Windows 11 comes in two different versions: Home and Pro. What are the differences and which one is best for you?
Windows 11 is now available for everyone to buy. It is the latest major version of Windows and the first in 6 years. And there's a lot to love about it. Not only are we getting a new UI, UX, and lots of changes, but we're also getting several new features, although not many of them will arrive on the operating system on day one.
Just like Windows 10, and as has been typical of Windows for several years, Windows 11 will be available in different editions: Windows 11 Home and Windows 11 Pro. But what are the differences between the two editions, and most importantly, which one should you get ?
Because there are several editions of Windows 11
Windows has offered several editions for much of its existence as an operating system. The reason for this is quite simple. While a single operating system with no additional editions is definitely something doable (and, in fact, has been done for a fair amount of time), it's best to keep different versions of Windows because not everyone needs all features and not all. computer support all features.
Looking back on the days of Windows XP, we had two major versions: Windows XP Home Edition and Windows XP Professional. Most of the other editions practically branched off from those two. So, Windows Vista, and then Windows 7, made things a little more complicated by introducing different versions: Starter, Home Basic, Home Premium, Enterprise, Business, and Ultimate, with a different set of features between them all.
It's safe to say it was a bit of a mess, but for a rough summary, Starter was normally meant for low-end PCs, Home Basic and Home Premium were meant to cover the needs of home PCs, Enterprise and Business were meant for PCs in a corporate and Ultimate environment included everything from every edition.
Things have been condensed further in Windows 10, as Microsoft offers consumers Windows 10 Home or Windows 10 Pro. These aren't the only ones, as there are also a handful of other editions and differences, such as Windows 10 in S mode, Windows 10 Pro for Workstation, Education and Enterprise, plus a few others. But for the most part, Home and Pro are the only two editions that most users should be aware of.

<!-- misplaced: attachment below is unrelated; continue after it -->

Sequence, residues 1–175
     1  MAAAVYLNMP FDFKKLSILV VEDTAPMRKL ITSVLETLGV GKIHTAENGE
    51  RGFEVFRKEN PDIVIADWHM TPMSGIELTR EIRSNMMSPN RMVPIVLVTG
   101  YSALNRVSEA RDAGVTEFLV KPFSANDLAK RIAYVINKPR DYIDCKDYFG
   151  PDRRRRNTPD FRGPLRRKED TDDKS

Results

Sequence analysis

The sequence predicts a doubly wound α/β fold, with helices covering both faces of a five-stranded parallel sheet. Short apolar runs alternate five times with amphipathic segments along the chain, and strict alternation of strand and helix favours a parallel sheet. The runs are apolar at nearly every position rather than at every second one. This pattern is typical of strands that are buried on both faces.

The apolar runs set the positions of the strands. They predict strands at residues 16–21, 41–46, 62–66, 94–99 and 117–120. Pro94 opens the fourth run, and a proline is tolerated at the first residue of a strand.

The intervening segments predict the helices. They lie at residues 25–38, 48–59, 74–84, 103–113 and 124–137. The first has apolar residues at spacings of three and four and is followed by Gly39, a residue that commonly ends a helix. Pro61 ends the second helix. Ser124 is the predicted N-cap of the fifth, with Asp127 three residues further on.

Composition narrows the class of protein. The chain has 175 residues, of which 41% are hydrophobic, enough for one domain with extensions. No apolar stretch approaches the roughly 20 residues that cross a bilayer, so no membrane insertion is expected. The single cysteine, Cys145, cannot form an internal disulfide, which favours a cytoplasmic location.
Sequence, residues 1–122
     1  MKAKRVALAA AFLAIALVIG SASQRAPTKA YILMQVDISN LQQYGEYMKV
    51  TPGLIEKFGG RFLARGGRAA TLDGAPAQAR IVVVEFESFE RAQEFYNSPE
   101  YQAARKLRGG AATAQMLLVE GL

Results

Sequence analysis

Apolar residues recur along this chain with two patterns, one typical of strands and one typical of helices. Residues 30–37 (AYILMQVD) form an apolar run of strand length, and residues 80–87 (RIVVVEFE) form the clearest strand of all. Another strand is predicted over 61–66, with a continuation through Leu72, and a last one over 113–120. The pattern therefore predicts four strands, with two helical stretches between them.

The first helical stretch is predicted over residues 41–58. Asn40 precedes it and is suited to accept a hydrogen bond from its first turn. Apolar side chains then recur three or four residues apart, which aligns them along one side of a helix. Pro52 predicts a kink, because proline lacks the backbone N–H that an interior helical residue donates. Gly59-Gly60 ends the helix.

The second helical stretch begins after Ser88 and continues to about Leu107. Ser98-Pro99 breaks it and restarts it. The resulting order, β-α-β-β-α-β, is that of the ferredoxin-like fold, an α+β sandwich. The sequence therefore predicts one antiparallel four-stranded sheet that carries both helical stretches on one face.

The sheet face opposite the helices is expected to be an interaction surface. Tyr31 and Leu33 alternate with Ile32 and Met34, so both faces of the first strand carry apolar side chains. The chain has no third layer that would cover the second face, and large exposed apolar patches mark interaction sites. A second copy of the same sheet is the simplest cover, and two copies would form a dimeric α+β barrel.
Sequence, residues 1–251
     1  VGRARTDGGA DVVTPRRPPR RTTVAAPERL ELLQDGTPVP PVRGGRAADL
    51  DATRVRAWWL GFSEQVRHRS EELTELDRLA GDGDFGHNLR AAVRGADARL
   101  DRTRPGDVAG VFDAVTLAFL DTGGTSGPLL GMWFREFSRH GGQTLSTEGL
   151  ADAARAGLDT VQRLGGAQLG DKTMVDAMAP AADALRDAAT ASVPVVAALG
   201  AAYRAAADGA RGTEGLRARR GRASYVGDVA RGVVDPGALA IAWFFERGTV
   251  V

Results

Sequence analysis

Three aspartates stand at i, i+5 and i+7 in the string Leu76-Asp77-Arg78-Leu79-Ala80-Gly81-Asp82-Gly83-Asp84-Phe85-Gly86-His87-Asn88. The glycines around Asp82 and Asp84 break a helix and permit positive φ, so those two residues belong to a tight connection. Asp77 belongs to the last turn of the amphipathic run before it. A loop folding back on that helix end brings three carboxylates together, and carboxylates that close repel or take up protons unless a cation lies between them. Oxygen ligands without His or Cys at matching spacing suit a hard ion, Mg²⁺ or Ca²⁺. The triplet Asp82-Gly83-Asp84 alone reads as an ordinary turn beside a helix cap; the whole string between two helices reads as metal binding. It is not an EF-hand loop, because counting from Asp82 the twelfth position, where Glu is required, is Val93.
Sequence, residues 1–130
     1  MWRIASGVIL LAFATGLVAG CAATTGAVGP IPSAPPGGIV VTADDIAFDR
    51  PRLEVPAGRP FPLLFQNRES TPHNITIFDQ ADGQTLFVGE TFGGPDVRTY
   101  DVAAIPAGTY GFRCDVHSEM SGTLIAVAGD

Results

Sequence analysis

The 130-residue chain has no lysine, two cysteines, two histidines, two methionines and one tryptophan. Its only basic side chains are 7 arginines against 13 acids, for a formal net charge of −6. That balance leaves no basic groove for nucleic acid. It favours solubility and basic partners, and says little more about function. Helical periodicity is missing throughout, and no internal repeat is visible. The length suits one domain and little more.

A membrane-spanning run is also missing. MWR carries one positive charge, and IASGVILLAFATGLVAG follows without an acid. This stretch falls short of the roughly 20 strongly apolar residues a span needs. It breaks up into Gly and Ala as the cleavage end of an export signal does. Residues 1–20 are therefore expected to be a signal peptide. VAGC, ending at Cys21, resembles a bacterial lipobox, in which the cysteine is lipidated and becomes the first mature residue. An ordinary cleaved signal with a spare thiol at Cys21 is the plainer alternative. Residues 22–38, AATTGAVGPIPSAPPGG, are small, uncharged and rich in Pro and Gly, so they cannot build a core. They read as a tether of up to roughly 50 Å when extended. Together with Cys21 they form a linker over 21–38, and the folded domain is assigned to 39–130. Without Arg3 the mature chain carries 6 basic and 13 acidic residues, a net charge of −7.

Windows 10 Home is the version that comes with most average computers, while Windows 10 Pro contains a handful of additional features and comes with more expensive or business-focused systems. We'll go into those in a bit more detail later. Windows 11 continues with the same exact version structure: Windows 11 Home and Windows 11 Pro, and for the most part, the differences between them are very similar to the differences between both versions of Windows.
What is the difference between Windows 11 Home and Pro
Microsoft compares both versions on the and a look at this webpage will tell you a lot about the differences between each version. And for the most part, Windows 11 Home and Windows 11 Pro are more similar than you think.
Windows 11 Home is packed with all the features and amenities you can expect from Windows 11, including Windows Hello, Secure Boot, Windows Security, Parental Controls, Device Encryption, and more.
Features like WSL (Windows Subsystem for Linux) are also available in the Home version of the operating system, and features like Android app support (which will come in a future Windows 11 update) should also be available for the Home version.
Windows 11 Pro has everything that the Home version has, while also adding some additional features, mainly for professional environments. One of the most important is BitLocker, which is an entire volume encryption tool that can encrypt the drive volume using 128 or 256-bit AES encryption and the computer's TPM. There's also a full suite of enterprise deployment and management tools, including Azure integration and features like assigned access, dynamic provisioning, kiosk mode configuration, Hyper-V, Windows Sandbox, full support for Windows Remote Desktop and more.
There are also some differences that the Microsoft site does not immediately clarify. For starters, while Windows 11 Home no longer supports local accounts and requires you to link your Microsoft account (Windows 10 Home supported this, but it was removed with Windows 11 Home). Windows 11 Pro, meanwhile, supports local accounts without having to link your Microsoft account to it.
There are also some differences regarding the hardware limitations. Both have the same minimum requirements, including 4GB of RAM, 64GB of storage, a 1GHz dual-core CPU from AMD / Intel / Qualcomm, TPM 2.0, and a DirectX 12 compatible GPU.
However, Windows 11 Home only supports up to 64 CPU cores and 128GB of RAM. It also does not support systems with two CPUs. That's enough, but if you need more for whatever reason, Windows 11 Pro supports dual-CPU systems with 64 cores each (for a total of 128 cores) and up to 2TB of RAM.
We've just established several differences between Home and Pro. While Pro has everything the Home version has and more, the average user will be served well by Windows 11 Home. All programs work the same, and aside from BitLocker and some business features, it will work identically. If you need Pro for any reason, however, it has identical system requirements, local account support, and some extra features.